AP Top 25: Georgia moves up to No. 2, passing Ohio State

Brett Davis-USA TODAY Sports
1 Comment

Georgia moved up to No. 2 in the first Associated Press college football poll of the regular season, passing Ohio State, after the defending national champions dominated their opener.

Alabama remained No. 1 in the AP Top 25 presented by Regions Bank, receiving 44 of 63 first-place votes from the media panel and 1,552 points.

The Bulldogs narrowed the gap on the Crimson Tide after beating Oregon 49-3. Georgia received 17 first-place votes.

Ohio State slipped to No. 3 and received two first-place votes. Michigan moved up four spots to No. 4.

Clemson dropped a spot to No. 5.

Florida debuted at No. 12 after its thrilling victory at home against Utah. The Utes slipped six spots to No. 13 after the loss.

The rest of the top 10 was Texas A&M at No. 6, followed by Oklahoma, Notre Dame, Baylor and Southern California.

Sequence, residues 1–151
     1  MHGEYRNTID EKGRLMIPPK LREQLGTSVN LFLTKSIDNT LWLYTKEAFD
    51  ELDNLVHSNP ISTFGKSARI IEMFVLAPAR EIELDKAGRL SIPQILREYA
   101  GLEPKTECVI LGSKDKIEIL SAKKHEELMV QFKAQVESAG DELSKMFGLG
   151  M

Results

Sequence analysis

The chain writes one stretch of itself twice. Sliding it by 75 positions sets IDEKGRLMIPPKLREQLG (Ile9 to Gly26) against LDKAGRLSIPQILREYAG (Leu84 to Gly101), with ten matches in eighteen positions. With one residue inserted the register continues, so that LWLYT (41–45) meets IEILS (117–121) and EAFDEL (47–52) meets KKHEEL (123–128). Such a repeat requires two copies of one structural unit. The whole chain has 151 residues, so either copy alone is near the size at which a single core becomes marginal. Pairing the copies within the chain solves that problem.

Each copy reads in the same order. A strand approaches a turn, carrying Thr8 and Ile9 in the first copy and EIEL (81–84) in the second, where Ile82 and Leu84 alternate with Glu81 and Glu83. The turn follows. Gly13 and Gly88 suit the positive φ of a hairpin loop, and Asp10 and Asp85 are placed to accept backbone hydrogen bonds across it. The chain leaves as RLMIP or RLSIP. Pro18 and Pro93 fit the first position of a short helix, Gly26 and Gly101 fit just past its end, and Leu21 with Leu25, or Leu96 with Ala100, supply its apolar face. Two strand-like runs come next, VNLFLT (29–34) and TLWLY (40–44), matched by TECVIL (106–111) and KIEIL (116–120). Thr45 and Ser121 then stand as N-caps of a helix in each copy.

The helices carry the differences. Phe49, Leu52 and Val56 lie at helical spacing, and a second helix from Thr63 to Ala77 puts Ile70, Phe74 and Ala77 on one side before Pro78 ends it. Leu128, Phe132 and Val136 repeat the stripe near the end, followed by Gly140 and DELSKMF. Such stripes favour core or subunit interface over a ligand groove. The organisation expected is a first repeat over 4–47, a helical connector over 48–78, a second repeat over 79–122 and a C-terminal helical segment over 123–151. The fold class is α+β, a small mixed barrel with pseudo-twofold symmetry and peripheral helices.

USC is in the top 10 for the first time since the final regular-season poll of 2017, when the Trojans were eighth.

The eighth-ranked Fighting Irish dropped three spots out of the top five after losing 21-10 at Ohio State.

POLL POINTS

Georgia has been ranked No. 1 or 2 in 15 of the last 17 polls, with the other two weeks at No. 3.

Since 2017, Georgia has been ranked No. 2 in the country 13 times and No. 1 nine times, all last season.

From 1981 – the season after Georgia won the national title – to 2016, the Bulldogs were ranked in the top two a total of 10 times.

IN

– Florida’s jump from unranked to No. 12 is the biggest for an unranked team since the first regular-season poll of 2016, when Texas landed at No. 11 and Wisconsin at No. 10 after Week 1 victories.

– No. 24 Tennessee is ranked for the first time under second-year coach Josh Heupel.

OUT

– Oregon’s humbling loss to Georgia sent the Ducks all the way out of the rankings. It’s the first time Oregon has been unranked in a poll for which it was eligible since the last regular-season AP Top 25 of 2020.